Federal Trade Commission officials are preparing to review allegations that Apple “is trying to trammel rivalry in mobile advertising,” people familiar tell “Bloomberg” (http://www.bloomberg.com/apps/news?sid=aqUPm1Bx7jJI&pid=20601087). Regulators were already weighing a probe of Apple’s treatment of Adobe Systems over Flash and the U.S. Justice Department has made preliminary inquiries into Apple’s behavior in the music market.
The heightened scrutiny may prompt the company to give programmers more leeway in how they build applications for Apple products, Andrew Gavil, who teaches antitrust law at Howard University in Washington told “Bloomberg.” The inquiries indicate government concern that CEO Steve Jobs may be trying to exert too much control over industries as varied as digital music, software development and mobile advertising.
“Apple needs to be prepared that all of their actions will be put under a microscope,” Michael Gartenberg, a partner at the Altimeter Group in San Mateo, California, told “Bloomberg.” “They need to make sure they don’t cross the line.”
The latest brouhaha involves iAd and a set of instructions for developers building applications for use on the iPhone. Google unit AdMob said last week that the rules, if enforced, bar the use of Google and AdMob advertising software.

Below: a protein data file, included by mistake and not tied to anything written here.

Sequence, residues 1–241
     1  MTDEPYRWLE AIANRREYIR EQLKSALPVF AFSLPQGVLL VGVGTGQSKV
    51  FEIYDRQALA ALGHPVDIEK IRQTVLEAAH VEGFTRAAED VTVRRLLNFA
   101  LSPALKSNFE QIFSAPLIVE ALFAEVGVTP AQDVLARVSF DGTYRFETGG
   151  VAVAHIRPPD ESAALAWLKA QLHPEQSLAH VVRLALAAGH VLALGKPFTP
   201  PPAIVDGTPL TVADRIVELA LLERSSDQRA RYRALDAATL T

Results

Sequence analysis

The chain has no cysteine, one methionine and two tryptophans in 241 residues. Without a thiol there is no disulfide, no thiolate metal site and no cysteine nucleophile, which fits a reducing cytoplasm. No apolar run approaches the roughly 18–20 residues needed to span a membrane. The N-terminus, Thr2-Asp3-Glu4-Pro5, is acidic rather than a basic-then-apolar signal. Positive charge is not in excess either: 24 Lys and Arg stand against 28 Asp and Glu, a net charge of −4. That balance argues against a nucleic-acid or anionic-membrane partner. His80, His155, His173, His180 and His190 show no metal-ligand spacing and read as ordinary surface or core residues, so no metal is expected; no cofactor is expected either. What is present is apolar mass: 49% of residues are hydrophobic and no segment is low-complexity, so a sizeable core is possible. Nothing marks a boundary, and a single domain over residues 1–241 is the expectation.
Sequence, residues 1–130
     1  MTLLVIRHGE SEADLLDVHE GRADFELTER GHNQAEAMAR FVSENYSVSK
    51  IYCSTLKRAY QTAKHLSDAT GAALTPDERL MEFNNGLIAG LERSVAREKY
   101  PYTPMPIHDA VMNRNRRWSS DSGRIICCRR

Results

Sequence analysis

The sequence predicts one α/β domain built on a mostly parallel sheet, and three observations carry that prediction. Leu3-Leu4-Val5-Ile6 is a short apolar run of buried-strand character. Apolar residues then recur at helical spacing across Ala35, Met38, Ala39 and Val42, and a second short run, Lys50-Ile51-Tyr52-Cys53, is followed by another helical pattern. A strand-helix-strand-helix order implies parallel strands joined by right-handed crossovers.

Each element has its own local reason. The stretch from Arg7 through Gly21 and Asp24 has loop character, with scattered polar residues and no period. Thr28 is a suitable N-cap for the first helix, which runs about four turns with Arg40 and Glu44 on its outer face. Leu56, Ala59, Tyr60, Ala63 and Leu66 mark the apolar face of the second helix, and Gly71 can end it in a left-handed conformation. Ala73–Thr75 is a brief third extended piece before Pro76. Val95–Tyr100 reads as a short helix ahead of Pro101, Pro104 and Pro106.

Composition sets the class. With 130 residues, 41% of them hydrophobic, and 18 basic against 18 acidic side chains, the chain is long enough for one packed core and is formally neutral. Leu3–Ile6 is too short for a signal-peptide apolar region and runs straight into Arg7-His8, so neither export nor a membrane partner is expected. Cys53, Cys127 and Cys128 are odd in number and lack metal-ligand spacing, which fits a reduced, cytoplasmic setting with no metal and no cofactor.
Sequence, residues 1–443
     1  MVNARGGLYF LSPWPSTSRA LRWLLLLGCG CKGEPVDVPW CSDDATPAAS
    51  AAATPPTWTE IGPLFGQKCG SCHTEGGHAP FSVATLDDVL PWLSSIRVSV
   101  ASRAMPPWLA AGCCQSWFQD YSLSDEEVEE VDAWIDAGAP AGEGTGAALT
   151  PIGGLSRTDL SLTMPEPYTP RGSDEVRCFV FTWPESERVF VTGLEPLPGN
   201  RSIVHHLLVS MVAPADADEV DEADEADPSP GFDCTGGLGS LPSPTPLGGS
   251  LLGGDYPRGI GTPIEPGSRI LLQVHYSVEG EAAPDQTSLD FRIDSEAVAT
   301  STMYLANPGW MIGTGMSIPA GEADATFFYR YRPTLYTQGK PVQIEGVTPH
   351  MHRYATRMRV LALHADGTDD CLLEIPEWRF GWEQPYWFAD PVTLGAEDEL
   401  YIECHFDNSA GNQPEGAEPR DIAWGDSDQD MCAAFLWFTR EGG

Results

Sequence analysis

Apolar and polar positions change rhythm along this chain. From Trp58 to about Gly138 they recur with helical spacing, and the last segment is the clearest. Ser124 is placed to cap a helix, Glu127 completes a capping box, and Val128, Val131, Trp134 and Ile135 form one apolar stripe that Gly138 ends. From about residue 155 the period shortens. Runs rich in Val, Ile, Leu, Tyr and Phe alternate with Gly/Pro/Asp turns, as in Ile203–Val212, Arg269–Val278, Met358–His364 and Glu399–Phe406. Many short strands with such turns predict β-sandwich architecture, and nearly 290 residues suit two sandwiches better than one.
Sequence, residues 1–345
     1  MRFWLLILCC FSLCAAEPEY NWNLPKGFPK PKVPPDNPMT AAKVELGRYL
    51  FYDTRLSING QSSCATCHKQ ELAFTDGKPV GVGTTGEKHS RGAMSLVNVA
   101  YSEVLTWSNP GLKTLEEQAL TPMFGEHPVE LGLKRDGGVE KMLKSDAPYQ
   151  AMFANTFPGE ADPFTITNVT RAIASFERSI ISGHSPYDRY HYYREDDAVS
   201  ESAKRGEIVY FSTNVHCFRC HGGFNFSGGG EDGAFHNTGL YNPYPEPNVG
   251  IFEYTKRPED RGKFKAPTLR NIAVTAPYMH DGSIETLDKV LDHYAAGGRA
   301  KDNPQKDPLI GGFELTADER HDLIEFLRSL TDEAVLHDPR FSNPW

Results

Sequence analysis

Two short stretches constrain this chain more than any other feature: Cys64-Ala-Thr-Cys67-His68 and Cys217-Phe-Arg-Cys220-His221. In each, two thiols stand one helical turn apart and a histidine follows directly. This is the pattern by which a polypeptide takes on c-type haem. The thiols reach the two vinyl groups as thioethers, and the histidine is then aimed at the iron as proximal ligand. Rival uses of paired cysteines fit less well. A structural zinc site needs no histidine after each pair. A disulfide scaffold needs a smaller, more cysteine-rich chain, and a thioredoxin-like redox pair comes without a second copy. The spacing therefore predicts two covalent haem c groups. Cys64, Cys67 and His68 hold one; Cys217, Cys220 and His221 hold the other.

Apple will debut its iAd mobile advertising network on July 1 on iPhone and iPod touch devices running its iOS 4 software platform. iAds combine the emotion of TV advertising with the interactivity of Internet advertising, according to Jobs.
iAd will kick off with mobile ad campaigns from leading global brands including AT&T, Best Buy, Campbell Soup Company, Chanel, Citi, DirecTV, GEICO, GE, JCPenney, Liberty Mutual Group, Nissan, Sears, State Farm, Target, Turner Broadcasting System, Unilever and The Walt Disney Studios. Apple has iAd commitments for 2010 totaling over US$60 million, which represents almost 50 percent of the total forecasted US mobile ad spending for the second half of 2010, says Jobs.
He adds that iAd, which is built into iOS 4, allows users to stay within their app while engaging with the ad, even while watching a video, playing a game or using in-ad purchase to download an app or buy iTunes content.
Developers who join the iAd Network can incorporate a variety of advertising formats into their apps. Apple will sell and serve the ads, and developers will receive 60% of the iAd Network revenue, which is paid via iTunes Connect.
iAds require iOS 4, which will be a free software update via iTunes 9.2 or later for iPhone and iPod touch customers. iOS 4 will work with iPhone 3G, iPhone 3GS, iPhone 4, and second and third generation iPod touch (late 2009 models with 32GB or 64GB).